Khnischchev, Nikita S., 79, 80

multiversity. 145-9 music: and sports 108 n.


.

Muskie. Edmund G.. 80

McGuffey Readers, 57
McKeown. Thomas. 208 n McLuhan. Marshall: on sense of time. 91 n.
Nabokov Vladimir. 204
.

Parents on Probation (van Waters). 159


"

Maharaj Ji. 14
Mailer. Norman. 16. 18; on life as art. 91

narcissism. 218; and "Adamism 8-11: and aging. 41. 45-6 210-11. 217; antidotes to. 17; and
. .

Paris commune. 223

bureaucracy. 10.23.44-7, 228-32; character traits

parody. 95 Parr, Albert: on nostalgia, xvii


Parsons, Talcott, 158, 177n., 184 n.

Afafan /((Podhoretz). 18 Malina. Judith: on Living Theater. 89 management. 234; expropriation of craft knowledge.
167, 169 , 223 , 226, 233-4; human relations in,
182-6

associated with. xvi. 33; and cult of celebrity 22 3. 84-6; etiology of. 38-41, 171-3; family
.

21-2.

background of, 50-1, 171-2; fear of instinctual desires, 202-3; Freud on 32; growing psychiatric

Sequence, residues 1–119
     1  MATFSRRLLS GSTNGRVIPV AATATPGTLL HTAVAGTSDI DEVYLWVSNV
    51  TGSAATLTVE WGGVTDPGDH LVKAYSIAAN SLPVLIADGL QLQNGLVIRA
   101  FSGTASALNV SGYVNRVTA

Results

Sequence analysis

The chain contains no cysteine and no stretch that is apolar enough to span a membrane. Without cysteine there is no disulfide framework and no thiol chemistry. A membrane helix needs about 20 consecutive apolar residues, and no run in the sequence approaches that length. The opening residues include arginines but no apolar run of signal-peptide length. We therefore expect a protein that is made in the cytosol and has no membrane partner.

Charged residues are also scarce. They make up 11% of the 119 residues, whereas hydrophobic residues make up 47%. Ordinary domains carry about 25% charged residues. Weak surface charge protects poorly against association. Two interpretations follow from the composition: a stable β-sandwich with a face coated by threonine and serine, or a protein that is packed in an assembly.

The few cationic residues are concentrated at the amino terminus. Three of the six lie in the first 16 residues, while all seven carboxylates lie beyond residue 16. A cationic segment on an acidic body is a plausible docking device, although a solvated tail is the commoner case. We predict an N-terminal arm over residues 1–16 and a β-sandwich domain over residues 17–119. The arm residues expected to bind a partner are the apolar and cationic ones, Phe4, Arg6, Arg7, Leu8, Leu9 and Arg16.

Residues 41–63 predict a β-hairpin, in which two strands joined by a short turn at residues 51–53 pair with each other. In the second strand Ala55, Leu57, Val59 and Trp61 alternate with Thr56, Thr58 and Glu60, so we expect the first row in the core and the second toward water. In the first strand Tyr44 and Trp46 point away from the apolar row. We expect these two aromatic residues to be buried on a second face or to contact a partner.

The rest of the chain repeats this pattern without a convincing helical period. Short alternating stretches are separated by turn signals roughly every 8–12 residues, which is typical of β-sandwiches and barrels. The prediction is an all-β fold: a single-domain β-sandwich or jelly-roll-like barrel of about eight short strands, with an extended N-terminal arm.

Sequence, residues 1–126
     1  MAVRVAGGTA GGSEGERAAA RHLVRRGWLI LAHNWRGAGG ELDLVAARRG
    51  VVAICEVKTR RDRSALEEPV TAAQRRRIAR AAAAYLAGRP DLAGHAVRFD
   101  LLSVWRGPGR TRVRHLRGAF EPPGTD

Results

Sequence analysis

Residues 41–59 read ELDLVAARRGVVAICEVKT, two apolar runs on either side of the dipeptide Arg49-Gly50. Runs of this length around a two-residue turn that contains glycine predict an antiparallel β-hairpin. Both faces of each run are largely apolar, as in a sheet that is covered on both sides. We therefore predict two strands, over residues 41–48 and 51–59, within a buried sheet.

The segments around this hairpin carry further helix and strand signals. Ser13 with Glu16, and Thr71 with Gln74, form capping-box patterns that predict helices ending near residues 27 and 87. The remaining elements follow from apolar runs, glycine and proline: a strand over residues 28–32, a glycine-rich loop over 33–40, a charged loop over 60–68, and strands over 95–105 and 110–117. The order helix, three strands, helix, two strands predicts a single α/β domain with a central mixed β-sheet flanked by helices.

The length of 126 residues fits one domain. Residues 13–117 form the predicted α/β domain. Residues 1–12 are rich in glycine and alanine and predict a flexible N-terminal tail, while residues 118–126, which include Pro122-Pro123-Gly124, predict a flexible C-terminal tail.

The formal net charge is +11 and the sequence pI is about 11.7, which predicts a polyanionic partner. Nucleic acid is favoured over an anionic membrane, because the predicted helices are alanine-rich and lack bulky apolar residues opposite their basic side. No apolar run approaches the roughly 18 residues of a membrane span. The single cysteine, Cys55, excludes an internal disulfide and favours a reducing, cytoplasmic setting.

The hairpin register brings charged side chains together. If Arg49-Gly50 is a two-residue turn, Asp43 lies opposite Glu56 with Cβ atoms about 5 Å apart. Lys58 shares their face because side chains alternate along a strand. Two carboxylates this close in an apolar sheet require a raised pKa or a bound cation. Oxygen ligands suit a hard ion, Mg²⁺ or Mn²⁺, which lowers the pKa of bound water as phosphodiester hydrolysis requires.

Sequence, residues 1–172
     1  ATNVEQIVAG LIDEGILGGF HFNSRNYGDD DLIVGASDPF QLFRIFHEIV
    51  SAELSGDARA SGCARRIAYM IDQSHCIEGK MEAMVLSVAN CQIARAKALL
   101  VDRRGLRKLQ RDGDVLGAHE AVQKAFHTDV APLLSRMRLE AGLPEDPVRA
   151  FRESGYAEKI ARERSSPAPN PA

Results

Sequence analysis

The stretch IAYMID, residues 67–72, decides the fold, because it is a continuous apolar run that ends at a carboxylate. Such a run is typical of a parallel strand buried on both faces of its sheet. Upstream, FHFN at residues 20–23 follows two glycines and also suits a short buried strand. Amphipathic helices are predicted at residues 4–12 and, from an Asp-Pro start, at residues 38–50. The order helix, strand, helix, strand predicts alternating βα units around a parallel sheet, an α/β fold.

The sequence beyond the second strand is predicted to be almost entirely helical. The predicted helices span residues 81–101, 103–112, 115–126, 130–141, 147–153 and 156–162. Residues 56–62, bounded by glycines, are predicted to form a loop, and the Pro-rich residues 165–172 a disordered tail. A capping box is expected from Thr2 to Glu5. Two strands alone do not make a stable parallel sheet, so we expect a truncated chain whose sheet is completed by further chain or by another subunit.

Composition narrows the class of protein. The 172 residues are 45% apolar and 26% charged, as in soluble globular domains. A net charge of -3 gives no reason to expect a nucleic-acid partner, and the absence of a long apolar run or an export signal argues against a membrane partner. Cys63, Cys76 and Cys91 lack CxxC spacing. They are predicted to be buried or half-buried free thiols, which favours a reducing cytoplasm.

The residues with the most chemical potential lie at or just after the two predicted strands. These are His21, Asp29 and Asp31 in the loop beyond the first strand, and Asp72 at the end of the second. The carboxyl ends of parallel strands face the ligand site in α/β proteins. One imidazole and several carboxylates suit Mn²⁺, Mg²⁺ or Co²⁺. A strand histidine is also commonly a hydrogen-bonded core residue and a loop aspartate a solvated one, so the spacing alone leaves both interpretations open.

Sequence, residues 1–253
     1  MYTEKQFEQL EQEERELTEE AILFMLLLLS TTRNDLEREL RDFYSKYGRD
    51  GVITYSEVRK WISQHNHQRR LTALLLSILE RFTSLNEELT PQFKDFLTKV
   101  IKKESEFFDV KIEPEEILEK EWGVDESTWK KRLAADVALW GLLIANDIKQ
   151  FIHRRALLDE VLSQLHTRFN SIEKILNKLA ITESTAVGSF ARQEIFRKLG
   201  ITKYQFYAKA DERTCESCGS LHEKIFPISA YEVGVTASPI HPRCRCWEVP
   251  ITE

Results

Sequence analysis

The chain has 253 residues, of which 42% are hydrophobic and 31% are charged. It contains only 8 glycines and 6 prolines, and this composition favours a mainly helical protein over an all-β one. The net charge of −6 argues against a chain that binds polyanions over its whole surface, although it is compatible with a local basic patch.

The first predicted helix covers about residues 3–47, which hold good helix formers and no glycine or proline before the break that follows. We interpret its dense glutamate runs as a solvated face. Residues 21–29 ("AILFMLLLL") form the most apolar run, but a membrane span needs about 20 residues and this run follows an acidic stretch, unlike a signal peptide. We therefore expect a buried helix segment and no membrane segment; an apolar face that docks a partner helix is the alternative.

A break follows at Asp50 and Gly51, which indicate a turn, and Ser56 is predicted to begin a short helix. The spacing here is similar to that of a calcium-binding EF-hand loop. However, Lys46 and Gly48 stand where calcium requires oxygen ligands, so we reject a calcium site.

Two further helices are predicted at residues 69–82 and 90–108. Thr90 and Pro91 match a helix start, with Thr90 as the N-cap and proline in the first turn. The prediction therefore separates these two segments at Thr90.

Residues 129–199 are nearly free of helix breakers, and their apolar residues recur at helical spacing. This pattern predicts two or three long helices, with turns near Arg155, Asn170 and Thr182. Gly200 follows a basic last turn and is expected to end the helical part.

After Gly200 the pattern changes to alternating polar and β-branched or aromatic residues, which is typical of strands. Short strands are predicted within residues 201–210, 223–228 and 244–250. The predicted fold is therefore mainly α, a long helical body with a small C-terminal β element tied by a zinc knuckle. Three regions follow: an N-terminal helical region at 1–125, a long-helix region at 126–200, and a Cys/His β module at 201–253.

,

participation: cult of, 108 past: attitudes toward: see continuity paternalism: and gallantry, 189-90; see also neopaternalism

KirtficksiMiha). 162 n., 211

concern with, 42-3; humanistic critique of 31-3;


,

280 : Index
patriarchy: decline of. 11
Peale, Norman Vincent, 58

Index
public health: as model for therapeutic intervention, 157 public hygiene movement, 155 Pulitzer, Joseph, 120
Puritanism: and calling, 54-6 racism, 149; and imperialism, 115-6 radical psychiatry, 177 n. Raffeny, Max: on sports, 114 Rahv, Philip: on sense of historical continuity, 91 n. Rainwater, Lee: on dependence, 67; on togetherness,
195 n.

281

peer group, 177. 192-3 Pentagon Papers, 60 performing self, 94~5;seeatso impression management permissiveness: and aggression, 178-9; in childrearing, 167 n.; conservative critique of, 232; in education, 140-1; and human relations, 184; psychiatric critique of, 162-5, 166; and thetapeutic model of authority, 181-4 Perpetua" (Barthelme), 18 personality, 206; changing concept of, 92-3; and